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Tour of the Battenkill! April 16, 2012

Posted by littlebangtheory in Uncategorized.
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The Tour of the Battenkill is widely regarded as the largest single-day cycling event in the United States.  That’s very believable; around 2,500 racers set out on what is for most of them a 62 mile cramp-fest of paved roads, steep dirt, covered bridges and eventual dehydration.

I went there this past Saturday with my housemate/photographic mentor Lizz to stretch a bit.  Action photography is nothing I know about, but I want to learn.

We also acted as support/transportation for our friend Chris, who flew in from Colorado to test himself on this grueling course.

As classrooms for sports photography go, I couldn’t have had a better one: racers in groups of about a hundred started every fifteen minutes from early morning to late afternoon, allowing me to try plenty of different camera settings, most of which were discarded, a few of which appear here.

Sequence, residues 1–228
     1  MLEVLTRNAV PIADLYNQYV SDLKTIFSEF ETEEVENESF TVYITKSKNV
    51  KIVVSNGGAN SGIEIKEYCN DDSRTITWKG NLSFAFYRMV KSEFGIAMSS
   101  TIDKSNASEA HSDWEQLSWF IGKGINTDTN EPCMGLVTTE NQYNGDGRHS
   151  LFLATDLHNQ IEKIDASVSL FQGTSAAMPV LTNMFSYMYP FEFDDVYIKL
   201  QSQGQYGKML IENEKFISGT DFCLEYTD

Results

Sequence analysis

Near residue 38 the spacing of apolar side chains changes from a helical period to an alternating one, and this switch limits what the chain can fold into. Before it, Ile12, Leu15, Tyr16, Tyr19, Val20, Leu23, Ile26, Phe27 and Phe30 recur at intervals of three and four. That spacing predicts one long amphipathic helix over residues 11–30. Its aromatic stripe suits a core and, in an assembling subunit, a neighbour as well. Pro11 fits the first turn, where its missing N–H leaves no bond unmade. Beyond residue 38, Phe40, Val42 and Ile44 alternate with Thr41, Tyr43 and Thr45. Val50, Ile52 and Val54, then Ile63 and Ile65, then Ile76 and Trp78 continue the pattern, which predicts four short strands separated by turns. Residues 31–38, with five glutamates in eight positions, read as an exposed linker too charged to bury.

My favorite shot of the waiting-at-the-starting-line tension:

Every detail had been either attended to by now, or was a source of consternation for those who felt not-quite ready.  Chains cleaned and lubed, cables tensioned, just the right socks:

And then, with the blowing of an air horn, they’re off in a frenetic blur of kinetic energy and light:

That’s a blur-shot, something which took me numerous attempts to get right.  This requires a balance between all of the elements of basic photography to get the effect of motion, substance and light.  Thankfully, with starts every fifteen minutes, I had plenty of opportunity to try various settings, throw most of the results away, and still have a few keepers.  That’s one of the overwhelming advantages of shooting in the Digital Age; such experimentation with film is a) expensive, and b) difficult, as the results of one’s efforts are only visible long after the fact, so experimentation necessarily involves “bracketing” your settings and throwing away most of the results – after  you’ve paid for their development in either sweat or money.